White Pain

It’s the first snowfall of the season, about six inches of fluffy power blanketing the ground.

I walked by the derelict 1977 snowblower, the one my father spent weeks trying to get back in shape a few years ago, but never could, hours and hours of his frustration with me as target, and got my old shovel.

I started to shovel, but my right hand hurt.  My index finger is always cold since the incident where I cut it on the toaster oven and waited an hour and a half for him to help me with the big chunk of flesh severd from the tip.  The heel of my hand shows bruising, fresh enough to keep me awake, some from the incident where my mother threw a magazine under my foot from her recliner throne and I slipped as it moved like grease on the rug, tumbling me to the floor and taking my weight on that hand.  My wrist was in the elastic cuff, and the cut on my thumb, from the cheap plastic mandolin I had to use to slice potatoes for a casserole wile constantly being interrupted made it’s presence known in my gloves.

I shoveled, without complaint, until I started doing the new walk my father set this summer out of flagstone.  It has no solid base, just some sand he had me dig and spread, and is very uneven.  As I scraped the drive clear, the shovel would come up against the edges of the stone and stop with a hard thud, driving the shovel handle into my bruised and battered hand.  It hurt, and I did cry out.

After I finished the job, I went to him.  I had him feel my fingers and see how much colder the index finger is.  I showed him the bruises.  And I asked how he had planned to scrape the stones clear of snow in the winter, how he thought this through, so I could have his technique.

“I didn’t think about things like that!” he cried.  Yeah.  Not thinking about how your choices will affect others, and just letting them work around the mess, that’s the ticket.

I went up to take a shower, and he came up soon after.

“If something is hurting you, just stop!  Either that or find another way!  I’ll clean up what you fail to do,” he told me.

Yeah.  That’s the plan.  Don’t talk about your pain, don’t ask for help, just look for another way or stop. It’s the plan that has gotten me where I am today.

Later, he gave me a lecture from Dr. Phil, saying I shouldn’t put him down.  “People don’t get what they expect and they get frustrated and get road rage.  You need to not have expectations and not get frustrated.”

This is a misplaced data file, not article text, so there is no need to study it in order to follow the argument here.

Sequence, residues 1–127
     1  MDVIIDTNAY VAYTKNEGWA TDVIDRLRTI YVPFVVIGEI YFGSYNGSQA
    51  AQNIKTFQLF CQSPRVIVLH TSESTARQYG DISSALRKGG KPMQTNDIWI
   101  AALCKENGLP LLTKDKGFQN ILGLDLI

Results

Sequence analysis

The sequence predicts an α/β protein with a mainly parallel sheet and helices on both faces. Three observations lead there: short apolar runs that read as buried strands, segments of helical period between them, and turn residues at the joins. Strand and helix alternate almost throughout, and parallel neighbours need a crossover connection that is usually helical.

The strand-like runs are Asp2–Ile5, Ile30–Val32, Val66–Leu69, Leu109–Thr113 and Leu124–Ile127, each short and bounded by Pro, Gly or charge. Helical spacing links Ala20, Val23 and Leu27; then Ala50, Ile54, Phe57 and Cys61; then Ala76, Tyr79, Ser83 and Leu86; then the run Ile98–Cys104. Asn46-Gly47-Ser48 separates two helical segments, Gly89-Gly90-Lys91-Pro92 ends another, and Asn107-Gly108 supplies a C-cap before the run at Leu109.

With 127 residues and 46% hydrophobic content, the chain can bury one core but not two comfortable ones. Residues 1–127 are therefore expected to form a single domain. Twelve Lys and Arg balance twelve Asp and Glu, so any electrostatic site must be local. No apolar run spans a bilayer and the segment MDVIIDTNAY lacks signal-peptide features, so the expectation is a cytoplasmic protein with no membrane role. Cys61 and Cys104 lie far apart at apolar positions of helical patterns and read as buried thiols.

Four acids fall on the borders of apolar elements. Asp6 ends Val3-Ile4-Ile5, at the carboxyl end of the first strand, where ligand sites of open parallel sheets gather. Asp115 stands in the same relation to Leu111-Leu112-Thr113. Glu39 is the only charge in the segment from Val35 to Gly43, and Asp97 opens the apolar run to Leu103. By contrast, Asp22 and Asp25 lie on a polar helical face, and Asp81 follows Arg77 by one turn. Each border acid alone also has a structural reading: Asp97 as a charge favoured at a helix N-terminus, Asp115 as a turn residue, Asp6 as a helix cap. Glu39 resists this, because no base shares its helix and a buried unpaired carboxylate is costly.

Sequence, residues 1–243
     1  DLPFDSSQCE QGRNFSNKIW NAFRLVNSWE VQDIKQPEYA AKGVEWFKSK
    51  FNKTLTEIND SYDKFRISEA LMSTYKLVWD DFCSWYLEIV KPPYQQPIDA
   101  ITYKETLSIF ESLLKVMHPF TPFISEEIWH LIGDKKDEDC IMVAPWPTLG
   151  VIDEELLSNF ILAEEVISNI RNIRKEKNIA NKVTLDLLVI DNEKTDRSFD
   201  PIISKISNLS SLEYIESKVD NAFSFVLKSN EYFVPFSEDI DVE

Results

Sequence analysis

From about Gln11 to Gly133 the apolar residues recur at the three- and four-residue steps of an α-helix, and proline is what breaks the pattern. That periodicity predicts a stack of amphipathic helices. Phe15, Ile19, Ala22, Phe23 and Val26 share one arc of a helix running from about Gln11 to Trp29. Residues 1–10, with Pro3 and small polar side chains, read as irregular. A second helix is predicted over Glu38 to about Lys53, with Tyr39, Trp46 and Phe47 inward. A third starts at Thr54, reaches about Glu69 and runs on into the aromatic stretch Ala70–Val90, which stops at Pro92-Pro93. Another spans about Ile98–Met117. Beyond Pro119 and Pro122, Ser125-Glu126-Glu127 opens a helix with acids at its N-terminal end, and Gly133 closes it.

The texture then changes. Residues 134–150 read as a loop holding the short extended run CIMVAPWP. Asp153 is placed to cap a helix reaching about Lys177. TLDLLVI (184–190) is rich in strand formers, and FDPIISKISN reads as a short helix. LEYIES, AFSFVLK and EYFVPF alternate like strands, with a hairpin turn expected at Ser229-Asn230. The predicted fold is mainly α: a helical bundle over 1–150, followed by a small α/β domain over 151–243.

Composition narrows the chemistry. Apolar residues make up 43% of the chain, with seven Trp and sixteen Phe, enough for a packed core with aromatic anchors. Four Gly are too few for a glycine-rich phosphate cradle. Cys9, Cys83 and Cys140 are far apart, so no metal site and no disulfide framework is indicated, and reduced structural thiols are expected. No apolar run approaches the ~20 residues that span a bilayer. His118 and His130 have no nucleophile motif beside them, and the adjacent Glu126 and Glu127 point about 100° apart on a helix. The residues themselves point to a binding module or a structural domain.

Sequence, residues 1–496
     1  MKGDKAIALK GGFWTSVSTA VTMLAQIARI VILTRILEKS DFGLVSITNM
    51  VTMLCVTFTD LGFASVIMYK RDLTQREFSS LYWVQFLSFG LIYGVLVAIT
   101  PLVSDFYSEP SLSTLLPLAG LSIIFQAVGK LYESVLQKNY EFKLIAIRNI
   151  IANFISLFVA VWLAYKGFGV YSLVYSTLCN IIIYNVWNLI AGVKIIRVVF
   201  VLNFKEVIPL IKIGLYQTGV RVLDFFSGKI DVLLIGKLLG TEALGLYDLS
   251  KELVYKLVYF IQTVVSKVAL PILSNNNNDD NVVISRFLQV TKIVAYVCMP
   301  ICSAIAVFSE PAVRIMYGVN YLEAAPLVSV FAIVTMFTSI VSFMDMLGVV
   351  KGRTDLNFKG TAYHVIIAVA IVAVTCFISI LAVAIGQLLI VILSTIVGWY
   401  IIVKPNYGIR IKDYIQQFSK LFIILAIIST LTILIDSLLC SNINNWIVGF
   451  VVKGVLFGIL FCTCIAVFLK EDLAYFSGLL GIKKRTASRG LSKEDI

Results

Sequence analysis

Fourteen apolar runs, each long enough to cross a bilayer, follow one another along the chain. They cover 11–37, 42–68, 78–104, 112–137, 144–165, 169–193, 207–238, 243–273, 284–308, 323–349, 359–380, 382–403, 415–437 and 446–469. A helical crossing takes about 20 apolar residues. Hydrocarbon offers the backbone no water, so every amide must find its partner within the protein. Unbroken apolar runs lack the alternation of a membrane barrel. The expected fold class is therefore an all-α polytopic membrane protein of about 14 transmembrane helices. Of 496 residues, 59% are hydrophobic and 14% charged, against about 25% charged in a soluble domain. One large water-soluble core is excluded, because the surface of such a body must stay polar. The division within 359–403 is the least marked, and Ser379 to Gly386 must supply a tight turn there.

I went though the details of our conversation, reminding him that I told him that I hurt and asked for a strategy.  I didn’t have road rage.  I had to go through it twice because he interrupted me in the middle.

He told me I needed to listen to Dr. Phil, and I thought he needed to listen.  I asked him what the first thing I said was.

After guessing it was about the rocks, I reminded him that I said I was in pain, and had just told him twice that was what I said first.

“I’m in pain, you’re in pain, we are all in pain,” he retorted.  “Why should I care when your pain is self-inflicted?  You need to get past it. I don’t know how to handle it.”

It took all I had not to lose it, to hold it together after that.  This is a man who always wants to identify where I failed in avoiding whatever happened, where my slovenly and perverted habits got me — it was my bad gait that got my ankle blown out according to him  — so, to him, all of my pain is self-inflicted.

Now, he did try to help later, wanting me to change gloves so my finger wouldn’t get cold (what about when I don’t wear gloves?) and wanting to get me good slippers that I would wear (I’m most often barefoot) and that would take account of my freakish gait.  To think that he has never seen me walk in heels, which, in 1983, a girlfriend commented that I walked better in them than she did

I have come to understand that I have a much higher tolerance for pain than most.  I haven’t become adddicted or such, I just keep trying to find another way and then stopping.

This surprises many people.  “I could listen to you talk for hours,” a counselor said last year, “you make so much sense.  But you keep telling me that you are in pain, and when I look in your eyes, I see that might be true.” 

“Tell me what’s hurting you.”  That’s one of the ways they teach counselors to help people through pain, not to look at the pain, but to look at what’s hurting them.

I have white pain, like white noise, a background of hurt, like white people, buried in the ethic of shutting up and talking it, and like white snow, frozen and lifeless, shutting down the surface and driving things underneath.

And I have learned that the only choice is to shut up and stop.


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